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Political federalism is a political philosophy in which a group of members are bound together (Latin: foedus, covenant) with a governing representative head. The term federalism is also used to describe a system of the government in which sovereignty is constitutionally divided between a central governing authority and constituent political units (like states or provinces). Federalism is the system in which the power to govern is shared between the national and state governments, creating what is often called a federation. Proponents are often called federalists.
In Europe, "federalism" is often used to describe those who favor a stronger federal government (for example, with governance under the European Union) and weaker provincial governments. In federal nations of Europe (such as Germany, Austria and Switzerland) or South America (such as Argentina or Brazil), the term "strong federalism" means sub-national states having more power than the national(federal) government, in contrast with a centralist system.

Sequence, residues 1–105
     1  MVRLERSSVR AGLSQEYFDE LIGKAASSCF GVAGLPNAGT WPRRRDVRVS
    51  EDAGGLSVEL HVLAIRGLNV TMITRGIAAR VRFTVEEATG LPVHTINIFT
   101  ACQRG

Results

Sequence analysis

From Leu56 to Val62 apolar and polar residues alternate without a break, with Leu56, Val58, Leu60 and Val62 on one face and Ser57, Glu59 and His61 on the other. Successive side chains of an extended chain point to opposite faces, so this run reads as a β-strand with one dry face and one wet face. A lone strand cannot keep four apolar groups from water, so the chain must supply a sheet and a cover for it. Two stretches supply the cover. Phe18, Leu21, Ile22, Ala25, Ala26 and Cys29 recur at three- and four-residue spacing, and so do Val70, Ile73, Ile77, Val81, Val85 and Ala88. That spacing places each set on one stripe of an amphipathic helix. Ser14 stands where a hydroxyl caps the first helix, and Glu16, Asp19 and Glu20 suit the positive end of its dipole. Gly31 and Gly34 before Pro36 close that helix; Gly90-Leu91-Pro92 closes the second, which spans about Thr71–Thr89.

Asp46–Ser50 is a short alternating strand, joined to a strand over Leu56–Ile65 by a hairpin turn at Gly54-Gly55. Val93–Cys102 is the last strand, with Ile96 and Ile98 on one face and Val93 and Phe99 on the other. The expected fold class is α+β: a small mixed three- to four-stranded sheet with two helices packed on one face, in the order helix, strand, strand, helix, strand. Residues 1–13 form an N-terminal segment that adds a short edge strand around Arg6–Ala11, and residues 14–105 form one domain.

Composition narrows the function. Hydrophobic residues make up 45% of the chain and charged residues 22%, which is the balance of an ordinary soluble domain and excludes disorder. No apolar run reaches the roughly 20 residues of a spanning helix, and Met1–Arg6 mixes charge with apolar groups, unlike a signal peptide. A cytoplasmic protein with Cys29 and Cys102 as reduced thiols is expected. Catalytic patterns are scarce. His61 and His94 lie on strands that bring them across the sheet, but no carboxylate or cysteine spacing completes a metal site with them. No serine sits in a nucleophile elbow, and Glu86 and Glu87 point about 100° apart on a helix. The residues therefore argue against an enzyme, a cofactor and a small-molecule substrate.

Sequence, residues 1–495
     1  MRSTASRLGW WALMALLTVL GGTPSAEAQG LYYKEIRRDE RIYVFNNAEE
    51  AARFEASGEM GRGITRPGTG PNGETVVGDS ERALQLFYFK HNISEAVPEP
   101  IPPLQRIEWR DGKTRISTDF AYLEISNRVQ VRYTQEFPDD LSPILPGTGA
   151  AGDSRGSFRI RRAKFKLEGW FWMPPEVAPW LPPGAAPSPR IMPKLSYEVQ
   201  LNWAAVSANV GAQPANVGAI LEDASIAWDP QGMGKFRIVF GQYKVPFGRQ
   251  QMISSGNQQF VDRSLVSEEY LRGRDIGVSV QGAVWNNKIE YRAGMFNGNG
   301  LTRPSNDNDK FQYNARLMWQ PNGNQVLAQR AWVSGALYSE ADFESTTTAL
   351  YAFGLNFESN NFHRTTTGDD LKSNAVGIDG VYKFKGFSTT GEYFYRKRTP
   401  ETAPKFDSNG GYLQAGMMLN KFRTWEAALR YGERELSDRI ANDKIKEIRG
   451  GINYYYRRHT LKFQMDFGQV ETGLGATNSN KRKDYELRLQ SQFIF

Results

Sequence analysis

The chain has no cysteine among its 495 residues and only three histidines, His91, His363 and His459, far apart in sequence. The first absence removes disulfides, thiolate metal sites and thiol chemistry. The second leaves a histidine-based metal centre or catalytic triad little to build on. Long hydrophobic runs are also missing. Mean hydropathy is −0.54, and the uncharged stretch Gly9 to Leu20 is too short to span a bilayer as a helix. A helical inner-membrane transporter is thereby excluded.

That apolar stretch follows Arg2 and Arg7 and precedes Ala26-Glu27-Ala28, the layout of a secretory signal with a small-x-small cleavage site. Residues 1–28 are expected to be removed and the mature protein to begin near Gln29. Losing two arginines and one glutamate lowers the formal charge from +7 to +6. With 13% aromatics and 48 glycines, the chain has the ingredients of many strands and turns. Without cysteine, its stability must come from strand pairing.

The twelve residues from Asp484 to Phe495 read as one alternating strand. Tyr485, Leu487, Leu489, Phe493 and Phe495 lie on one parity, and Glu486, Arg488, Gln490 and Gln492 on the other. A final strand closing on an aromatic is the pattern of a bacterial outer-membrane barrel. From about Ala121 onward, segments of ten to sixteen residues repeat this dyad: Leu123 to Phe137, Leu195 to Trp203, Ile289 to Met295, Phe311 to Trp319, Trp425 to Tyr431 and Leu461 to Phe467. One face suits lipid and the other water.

In Canada, federalism means opposition to sovereigntist movements (usually that of Quebec). The same is historically true in the United States. Advocates of a weaker federal government and stronger state government are those that generally favor confederation, often related to "anti-federalists". The state or regional governments strive to cooperate with all the nations. The old statement of this position can be found in The Federalist, which argued federalism helps enshrine the principle of due process by limiting arbitrary action from the state. First, federalism can limit government power and infringe rights, since it allows the possibility that a legislature wishing to restrict liberties will lack the constitutional power. The level of government that possesses the power lacks the desire. Second, the legalistic decision making processes of federal systems limit the speed with which governments can act.